Polynesian Community Responds to Police Shooting Report
ANCHORAGE - Members of the Mountain View and Polynesian communities spoke out about the state prosecutors' findings that Anchorage Police Officer Boaz Gionson was justified in shooting and killing Shane Tasi. They’re upset, angry, and sad because it's a situation they say could have been prevented – which is why they still have a lot of questions that need to be answered.
It’s been nearly three weeks since 26-year-old Anchorage police officer Boaz Gionson shot 26-year-old Shane Tasi outside his Mountain View home. Police say the entire confrontation lasted no more than six seconds. They've released an edited version of what happened based on surveillance footage.
But some members of the Polynesian community say that's not enough. They want a full explanation of why Tasi had to be killed instead of just taken down. “I'm pissed that all this happened; if there were three shots why couldn't one disable him?” asked Aitogi Tauanu’u, who is a friend of the Tasi family. “I'm mad because the people that we trust is the police department, but we can not trust them no more, who can we trust now.”
“A lot of them are very sad and a lot of them are saying that this is not right,” said Lucy Hansen, who is president of the Polynesian Association of Alaska.
“It looks like the law enforcement against our minority communities and it’s not because the police officer was Polynesian, the victim was Polynesian,” said community advocate Ma’o Tosi.
Some members of the Polynesian Association of Alaska say there are misconceptions about them as a group that may be contributing to the tension between their community and police.
“We're stereotyped as group, and we are labeled Samoans – beware of them because they are big and strong and they might whoop you,” said Kaneyo Hirata, who is the PR director for the Polynesians Association of Alaska. “We're very loving and we're very genuine; when you have a Samoan friend, you have a Samoan friend forever.”
The group says police officers need to account for the diversity in neighborhoods. “They need to understand different cultures that we have in Anchorage, a lot of cultures are different the way you can approach somebody,” said Hansen.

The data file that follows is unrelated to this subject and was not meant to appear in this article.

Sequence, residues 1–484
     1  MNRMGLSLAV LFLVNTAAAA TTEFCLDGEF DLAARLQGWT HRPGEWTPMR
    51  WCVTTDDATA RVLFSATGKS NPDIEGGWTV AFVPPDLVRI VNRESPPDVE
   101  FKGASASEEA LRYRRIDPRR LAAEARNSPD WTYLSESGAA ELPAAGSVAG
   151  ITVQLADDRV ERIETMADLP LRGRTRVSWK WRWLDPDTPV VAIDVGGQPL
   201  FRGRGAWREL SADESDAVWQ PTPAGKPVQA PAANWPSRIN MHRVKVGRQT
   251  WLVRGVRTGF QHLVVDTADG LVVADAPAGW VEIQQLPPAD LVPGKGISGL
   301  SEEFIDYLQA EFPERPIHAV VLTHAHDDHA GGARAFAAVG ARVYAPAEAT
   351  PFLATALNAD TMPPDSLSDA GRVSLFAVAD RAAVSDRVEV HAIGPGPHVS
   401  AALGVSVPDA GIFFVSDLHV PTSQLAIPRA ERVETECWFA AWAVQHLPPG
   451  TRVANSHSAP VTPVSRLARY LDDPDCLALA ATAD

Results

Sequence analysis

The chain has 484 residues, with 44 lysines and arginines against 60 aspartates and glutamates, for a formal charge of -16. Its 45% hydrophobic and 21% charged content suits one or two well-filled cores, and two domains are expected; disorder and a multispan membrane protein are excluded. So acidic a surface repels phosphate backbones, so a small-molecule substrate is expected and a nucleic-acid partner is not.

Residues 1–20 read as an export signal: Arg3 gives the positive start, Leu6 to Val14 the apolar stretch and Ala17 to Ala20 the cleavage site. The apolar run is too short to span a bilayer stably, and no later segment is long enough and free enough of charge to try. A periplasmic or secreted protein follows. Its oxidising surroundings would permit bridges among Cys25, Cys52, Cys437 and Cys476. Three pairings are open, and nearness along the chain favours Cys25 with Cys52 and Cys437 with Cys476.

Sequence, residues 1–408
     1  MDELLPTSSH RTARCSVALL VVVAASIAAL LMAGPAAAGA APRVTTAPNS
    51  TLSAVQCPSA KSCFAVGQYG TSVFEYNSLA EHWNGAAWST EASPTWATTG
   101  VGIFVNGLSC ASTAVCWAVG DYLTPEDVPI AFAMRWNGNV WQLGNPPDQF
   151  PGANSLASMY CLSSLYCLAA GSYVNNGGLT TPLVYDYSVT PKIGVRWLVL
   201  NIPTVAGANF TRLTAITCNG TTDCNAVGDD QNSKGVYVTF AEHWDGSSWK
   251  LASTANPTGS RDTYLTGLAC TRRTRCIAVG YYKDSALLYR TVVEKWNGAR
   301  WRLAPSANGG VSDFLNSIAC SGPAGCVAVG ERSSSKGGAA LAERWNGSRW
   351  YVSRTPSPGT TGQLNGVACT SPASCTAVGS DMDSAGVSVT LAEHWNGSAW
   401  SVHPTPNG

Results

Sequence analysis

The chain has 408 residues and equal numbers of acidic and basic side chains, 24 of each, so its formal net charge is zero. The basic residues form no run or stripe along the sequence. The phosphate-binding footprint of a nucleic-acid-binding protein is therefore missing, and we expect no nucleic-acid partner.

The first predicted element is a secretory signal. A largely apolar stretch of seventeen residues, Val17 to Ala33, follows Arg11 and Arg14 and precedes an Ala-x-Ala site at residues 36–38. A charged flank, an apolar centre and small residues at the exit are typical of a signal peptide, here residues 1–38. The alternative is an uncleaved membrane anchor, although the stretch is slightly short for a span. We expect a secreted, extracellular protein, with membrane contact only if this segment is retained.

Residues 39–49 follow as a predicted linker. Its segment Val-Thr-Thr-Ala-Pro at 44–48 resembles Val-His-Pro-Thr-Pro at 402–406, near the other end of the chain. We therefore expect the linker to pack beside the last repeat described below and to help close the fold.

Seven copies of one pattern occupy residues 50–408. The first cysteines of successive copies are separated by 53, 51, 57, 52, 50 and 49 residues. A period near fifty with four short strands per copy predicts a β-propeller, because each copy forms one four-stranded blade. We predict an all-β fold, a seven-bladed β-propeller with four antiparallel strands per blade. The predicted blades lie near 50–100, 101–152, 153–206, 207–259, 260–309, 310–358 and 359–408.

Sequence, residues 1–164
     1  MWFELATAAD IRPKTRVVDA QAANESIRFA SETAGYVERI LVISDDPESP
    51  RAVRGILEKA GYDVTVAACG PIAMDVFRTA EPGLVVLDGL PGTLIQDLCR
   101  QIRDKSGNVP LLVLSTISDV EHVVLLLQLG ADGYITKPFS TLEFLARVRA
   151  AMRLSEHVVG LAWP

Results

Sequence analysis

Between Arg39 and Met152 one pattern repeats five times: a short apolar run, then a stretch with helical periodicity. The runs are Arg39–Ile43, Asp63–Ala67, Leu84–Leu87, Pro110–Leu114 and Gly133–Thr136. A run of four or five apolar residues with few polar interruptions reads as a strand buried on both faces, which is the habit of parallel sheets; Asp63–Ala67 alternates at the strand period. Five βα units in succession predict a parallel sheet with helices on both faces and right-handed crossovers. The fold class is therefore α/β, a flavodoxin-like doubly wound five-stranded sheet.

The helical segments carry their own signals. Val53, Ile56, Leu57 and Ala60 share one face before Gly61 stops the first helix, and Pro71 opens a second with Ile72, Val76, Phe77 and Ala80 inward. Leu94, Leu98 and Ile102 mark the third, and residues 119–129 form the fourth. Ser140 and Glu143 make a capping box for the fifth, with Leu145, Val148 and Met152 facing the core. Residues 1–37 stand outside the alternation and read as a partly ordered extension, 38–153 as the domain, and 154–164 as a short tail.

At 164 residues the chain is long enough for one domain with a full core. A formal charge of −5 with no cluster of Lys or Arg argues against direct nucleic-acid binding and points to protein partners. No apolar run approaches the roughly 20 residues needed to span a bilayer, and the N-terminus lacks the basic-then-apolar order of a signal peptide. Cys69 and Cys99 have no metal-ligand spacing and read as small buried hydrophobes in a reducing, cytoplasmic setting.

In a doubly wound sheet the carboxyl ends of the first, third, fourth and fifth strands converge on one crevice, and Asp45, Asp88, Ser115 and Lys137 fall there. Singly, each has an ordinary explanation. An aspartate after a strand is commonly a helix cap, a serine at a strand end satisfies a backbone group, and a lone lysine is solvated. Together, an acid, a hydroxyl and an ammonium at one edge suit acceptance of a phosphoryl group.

All sides agree it begins with better communication.
“The Polynesian community is very interested in better dialogue with the Anchorage Police Department, and we are certainly interested in a better dialogue with them,” said APD chief Mark Mew.
“That's the way we communicate, we have discussions,” said Hirata. “Fofo means massage, we try to massage that problem so we can some resolution.” There are multiple remedies that community leaders say should involve finding common ground to bridge the gap between the community and law enforcement.
“Whether you’re a police officer or someone from the Mountain View area, I’m certain that's there a movie that you might like together,” said Tosi. “I'm sure there's a sport that we might have interest in together.”
“It takes some time to rebuild those relationships and it’s not something that we work on hard enough all the time,” said APD spokesman Lieutenant Dave Parker. “We are trying to do better in that.”
A community is now divided against the police.
“They are supposed to serve and protect,” said Tauanu’u. “Who are they serving and protecting, themselves or the people?” The question now is how can that divide be bridged.
“It took a death of a man, a young man who had children for us to congregate and try to find solutions,” said Hirata.
“The police have to do the job of the police, there's no way around it, but we are going to be more effective in our society if we can do that with the encouragement and assistance of all our community,” said Parker.
But who will take the first step toward healing? As part of that healing, members of the Polynesian community say there needs to be action like having town hall meetings to discuss situations in neighborhoods. They also say instead of officers coming to the neighborhood only during bad times, they'd like to see police attending community events and cultural celebrations.